A number of examples – two of the most familiar are the Azure Marketplace and Appsource. One is only designed for creating leads, while the other allows you to transact directly. Remember that if you transact through Microsoft, they will also want a small slice of the pie and will retain x percentage of the transaction to process it. Further information about Azure Marketplace is available here and more information about the Appsource you can find here.  We are in the Azure Marketplace ourselves, but with a consulting offering, which you can take advantage of if you wish – find it here.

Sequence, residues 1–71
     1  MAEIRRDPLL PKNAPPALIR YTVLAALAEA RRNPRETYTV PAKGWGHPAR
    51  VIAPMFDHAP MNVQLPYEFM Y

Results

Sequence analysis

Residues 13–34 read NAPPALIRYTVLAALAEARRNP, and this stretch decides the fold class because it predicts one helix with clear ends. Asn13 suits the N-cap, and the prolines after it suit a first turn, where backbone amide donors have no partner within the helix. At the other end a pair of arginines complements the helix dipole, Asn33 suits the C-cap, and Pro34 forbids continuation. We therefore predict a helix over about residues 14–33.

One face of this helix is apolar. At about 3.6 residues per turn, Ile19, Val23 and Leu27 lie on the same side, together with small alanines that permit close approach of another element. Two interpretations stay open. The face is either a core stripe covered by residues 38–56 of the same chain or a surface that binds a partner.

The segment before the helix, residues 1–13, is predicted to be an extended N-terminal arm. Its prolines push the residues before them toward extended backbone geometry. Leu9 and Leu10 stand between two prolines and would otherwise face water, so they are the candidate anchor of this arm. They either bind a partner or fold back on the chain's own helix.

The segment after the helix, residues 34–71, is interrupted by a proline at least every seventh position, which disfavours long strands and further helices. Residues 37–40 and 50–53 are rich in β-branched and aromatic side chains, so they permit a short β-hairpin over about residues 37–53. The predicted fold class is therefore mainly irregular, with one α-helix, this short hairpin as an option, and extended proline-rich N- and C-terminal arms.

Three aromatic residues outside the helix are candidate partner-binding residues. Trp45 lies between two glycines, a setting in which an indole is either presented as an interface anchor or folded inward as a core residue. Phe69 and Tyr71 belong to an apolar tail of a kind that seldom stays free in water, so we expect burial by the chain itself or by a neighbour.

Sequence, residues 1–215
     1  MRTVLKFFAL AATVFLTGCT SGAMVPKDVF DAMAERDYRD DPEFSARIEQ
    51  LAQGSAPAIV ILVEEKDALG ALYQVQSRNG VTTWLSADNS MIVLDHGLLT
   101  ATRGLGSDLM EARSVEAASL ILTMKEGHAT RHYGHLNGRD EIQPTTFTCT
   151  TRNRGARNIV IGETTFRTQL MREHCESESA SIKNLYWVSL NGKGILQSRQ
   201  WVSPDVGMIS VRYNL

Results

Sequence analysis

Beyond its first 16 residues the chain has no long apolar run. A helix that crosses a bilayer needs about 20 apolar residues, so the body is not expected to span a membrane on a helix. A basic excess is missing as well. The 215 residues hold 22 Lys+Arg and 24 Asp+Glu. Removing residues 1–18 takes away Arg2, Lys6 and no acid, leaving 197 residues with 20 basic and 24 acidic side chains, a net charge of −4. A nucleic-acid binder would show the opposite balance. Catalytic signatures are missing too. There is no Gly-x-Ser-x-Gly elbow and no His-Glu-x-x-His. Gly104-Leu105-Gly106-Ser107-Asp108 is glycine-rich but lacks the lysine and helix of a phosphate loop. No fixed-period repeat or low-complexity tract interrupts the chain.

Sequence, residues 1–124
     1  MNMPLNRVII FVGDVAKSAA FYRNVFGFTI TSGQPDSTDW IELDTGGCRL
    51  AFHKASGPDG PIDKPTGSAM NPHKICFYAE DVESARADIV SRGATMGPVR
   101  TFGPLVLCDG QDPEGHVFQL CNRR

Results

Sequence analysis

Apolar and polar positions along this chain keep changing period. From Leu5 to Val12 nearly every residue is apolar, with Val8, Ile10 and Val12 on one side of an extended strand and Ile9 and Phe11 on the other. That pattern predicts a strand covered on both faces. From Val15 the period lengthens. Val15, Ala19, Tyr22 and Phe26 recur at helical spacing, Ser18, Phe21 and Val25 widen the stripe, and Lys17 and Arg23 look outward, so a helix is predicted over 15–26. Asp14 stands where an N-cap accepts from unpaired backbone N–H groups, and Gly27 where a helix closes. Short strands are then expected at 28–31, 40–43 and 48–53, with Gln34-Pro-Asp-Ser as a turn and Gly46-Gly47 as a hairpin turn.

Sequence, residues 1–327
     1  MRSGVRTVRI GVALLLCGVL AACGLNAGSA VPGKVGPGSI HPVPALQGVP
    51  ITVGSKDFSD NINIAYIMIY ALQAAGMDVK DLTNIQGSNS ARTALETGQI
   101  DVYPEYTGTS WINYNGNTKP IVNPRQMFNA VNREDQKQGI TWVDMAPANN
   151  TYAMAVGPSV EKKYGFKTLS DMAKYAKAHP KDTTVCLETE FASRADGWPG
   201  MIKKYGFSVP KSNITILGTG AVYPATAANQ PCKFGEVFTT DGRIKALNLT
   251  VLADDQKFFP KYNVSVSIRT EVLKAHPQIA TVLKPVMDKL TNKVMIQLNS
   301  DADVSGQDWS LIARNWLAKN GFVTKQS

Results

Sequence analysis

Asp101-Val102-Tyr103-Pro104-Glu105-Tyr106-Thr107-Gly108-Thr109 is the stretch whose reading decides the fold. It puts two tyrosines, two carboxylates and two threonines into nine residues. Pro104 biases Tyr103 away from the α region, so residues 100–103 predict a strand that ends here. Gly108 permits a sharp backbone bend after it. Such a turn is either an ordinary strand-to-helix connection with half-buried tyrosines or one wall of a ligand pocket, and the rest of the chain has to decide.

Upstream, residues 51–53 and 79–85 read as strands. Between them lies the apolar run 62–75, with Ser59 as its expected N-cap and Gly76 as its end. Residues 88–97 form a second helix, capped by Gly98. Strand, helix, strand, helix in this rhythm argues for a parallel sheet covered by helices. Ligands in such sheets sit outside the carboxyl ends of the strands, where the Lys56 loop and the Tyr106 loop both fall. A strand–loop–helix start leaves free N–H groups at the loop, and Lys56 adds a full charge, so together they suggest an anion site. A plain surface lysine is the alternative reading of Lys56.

In addition to putting your application in this marketplace, you can work with some of the big indirects, all of whom have their own marketplaces. In fact, there’s nothing to stop you using all of them. Some examples are Tech Data, SoftwareOne, Ingram Micro, ALSO, and Vuzion. Ingram Micro uses Cloud Blue for its marketplace, and if you register yourself there, you can participate in all other Cloud Blue marketplaces if you choose to. There are other indirect providers that also use Cloud Blue. SoftwareOne has a slightly different approach, where all of its sales staff can also take your solution to its large clients. They also include you in the selection process when large RfPs come in, which could be interesting in situations such as sales to governments. Tech Data might be interesting if you have a software solution that can be included as an add-on to another application, such as Office 365, or is relevant to other IT companies. Tech Data has a very wide range that includes IT companies, and is currently building what is known as a “click to run solution”, which IT companies may be able to gain some scale economy from. It’s something worth looking in to. After all, IT distribution (what I refer to above as an “indirect”) works a little like car sales. No one buys a car directly from the plant – the plant sells to an importer who then sells to the dealer, and then you buy from there. Your model as a software company could look a little like that of car manufacturers, and you could set up a distribution model using these parties as intermediaries.